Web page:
In early September 2014, the study on Black Twitter that I had undertaken with a group of researchers at the University of Southern California was the subject of intense debate and scrutiny on social media. Topics of discussion included my initial exclusion from posted details about the study; the subject of the study; how the study was performed and who was involved; and if myself, the other researchers, and/or the university profited from the study.
From this experience, I gained three valuable insights about control over publicizing research on social media, the need for making scholarship accessible online, and the necessity of addressing public concerns about research practices and the marginalization of groups. First, while we as researchers within the academy often utilize social media platforms like Twitter and LinkedIn to publicize and provide access to our research, universities also have vested interest in promoting our work online; doing so invites prospective applicants and faculty to more seriously consider an institution, and entice alumni and other interested parties to make monetary donations. Although we often have control over how we share our research within the spaces we curate, how, and when an academic institution choses to share our work may be outside our control—particularly for scholars at the graduate level.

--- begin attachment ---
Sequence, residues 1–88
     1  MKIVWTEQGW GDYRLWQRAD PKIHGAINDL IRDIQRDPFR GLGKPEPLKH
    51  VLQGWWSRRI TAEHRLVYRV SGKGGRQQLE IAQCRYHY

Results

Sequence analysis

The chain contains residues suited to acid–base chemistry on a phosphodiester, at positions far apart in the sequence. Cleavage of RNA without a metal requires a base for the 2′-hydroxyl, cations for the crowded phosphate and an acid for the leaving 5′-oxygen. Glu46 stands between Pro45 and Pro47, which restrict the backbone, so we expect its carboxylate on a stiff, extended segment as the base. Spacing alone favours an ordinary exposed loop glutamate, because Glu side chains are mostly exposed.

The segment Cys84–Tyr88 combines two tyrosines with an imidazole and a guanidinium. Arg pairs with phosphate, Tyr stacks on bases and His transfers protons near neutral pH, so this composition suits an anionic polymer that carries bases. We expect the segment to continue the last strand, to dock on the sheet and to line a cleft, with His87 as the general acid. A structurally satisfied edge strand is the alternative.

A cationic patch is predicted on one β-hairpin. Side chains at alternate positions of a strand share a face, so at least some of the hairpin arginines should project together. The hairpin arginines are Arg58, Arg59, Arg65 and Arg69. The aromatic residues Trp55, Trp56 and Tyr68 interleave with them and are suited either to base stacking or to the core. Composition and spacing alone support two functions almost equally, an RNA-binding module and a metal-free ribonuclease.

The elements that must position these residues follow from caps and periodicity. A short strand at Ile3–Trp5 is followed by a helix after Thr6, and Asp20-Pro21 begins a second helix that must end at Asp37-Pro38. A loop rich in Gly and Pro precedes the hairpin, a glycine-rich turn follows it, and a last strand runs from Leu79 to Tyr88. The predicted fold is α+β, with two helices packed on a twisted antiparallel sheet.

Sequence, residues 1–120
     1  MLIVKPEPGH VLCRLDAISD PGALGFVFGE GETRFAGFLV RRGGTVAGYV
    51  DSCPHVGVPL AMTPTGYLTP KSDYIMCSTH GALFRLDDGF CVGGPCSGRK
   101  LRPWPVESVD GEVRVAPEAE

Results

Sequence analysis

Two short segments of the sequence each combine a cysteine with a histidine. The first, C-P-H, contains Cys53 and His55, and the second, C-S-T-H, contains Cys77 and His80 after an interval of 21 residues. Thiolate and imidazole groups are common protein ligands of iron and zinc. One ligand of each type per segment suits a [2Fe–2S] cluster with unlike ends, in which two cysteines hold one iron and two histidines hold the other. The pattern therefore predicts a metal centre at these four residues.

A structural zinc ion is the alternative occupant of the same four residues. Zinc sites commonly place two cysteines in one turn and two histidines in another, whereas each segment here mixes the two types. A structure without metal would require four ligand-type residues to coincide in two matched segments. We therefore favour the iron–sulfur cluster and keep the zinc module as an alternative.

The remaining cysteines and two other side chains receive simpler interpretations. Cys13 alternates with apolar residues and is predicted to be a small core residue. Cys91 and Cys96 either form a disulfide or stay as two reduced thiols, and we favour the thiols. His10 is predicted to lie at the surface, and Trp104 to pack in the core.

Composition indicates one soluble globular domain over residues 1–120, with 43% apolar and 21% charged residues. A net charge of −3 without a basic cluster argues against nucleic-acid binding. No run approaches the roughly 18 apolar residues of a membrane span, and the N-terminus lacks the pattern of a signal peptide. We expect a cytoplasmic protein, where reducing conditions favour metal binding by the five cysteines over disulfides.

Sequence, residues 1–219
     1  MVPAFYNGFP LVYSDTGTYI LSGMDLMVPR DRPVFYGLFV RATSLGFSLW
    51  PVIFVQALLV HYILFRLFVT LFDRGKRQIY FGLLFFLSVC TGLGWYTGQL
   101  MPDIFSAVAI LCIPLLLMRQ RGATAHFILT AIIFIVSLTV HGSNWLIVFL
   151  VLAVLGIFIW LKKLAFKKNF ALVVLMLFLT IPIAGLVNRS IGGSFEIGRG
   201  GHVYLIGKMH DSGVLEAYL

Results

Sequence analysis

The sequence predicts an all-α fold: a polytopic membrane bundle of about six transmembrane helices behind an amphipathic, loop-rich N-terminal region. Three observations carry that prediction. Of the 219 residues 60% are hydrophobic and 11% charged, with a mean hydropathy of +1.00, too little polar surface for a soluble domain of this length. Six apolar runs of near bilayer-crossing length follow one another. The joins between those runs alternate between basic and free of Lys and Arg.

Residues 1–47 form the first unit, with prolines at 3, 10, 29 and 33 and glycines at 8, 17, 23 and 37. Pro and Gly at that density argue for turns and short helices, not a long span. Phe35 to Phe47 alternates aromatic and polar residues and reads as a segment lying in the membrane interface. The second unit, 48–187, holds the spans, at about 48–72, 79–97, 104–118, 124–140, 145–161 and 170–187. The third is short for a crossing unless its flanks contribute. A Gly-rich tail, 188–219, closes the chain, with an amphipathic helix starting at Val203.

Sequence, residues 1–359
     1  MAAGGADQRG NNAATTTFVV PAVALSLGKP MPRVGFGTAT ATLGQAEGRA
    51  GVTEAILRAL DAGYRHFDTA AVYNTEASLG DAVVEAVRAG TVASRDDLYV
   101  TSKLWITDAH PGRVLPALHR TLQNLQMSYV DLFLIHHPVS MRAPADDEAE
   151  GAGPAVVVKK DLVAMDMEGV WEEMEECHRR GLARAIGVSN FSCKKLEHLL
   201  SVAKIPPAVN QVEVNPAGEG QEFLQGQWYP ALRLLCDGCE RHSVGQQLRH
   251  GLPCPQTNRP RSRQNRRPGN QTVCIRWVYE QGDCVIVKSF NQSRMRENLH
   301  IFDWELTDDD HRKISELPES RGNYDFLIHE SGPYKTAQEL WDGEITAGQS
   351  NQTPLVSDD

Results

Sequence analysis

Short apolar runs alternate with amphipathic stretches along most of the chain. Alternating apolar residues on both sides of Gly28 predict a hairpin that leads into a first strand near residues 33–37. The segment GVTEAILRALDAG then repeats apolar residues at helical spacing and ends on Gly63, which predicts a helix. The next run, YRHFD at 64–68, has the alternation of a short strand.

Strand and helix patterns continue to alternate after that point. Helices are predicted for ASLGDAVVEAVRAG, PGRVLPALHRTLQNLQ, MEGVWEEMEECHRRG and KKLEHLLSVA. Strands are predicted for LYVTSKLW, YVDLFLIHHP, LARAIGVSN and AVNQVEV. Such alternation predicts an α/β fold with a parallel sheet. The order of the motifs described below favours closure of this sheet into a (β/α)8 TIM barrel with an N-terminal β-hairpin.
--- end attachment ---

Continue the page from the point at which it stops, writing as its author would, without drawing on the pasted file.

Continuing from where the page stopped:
Second, those of us within the academy need to make a concerted effort to utilize the digital platforms available to make our work accessible to the public. I do not simply mean by posting links to our research, since the jargon of our disciplines creates boundaries to accessibility. Instead, I suggest we get creative, and engage directly with individuals and groups who are often the subject of our research.
Finally, I learned that social media platforms could potentially be useful gaining insight into the pulse of public concerns about how research is conducted in the academy. The online discussion about the Black Twitter study and my exclusion generated important conversations about the marginalization of women of color in the academy, research ethics, privacy and data collection, and racism within institutions of higher education. As part or our individual projects as scholars, it would be useful for us to engage these issues—outside of the confines of our institutions—directly by drawing upon the multiple communication and media platforms at our fingertips.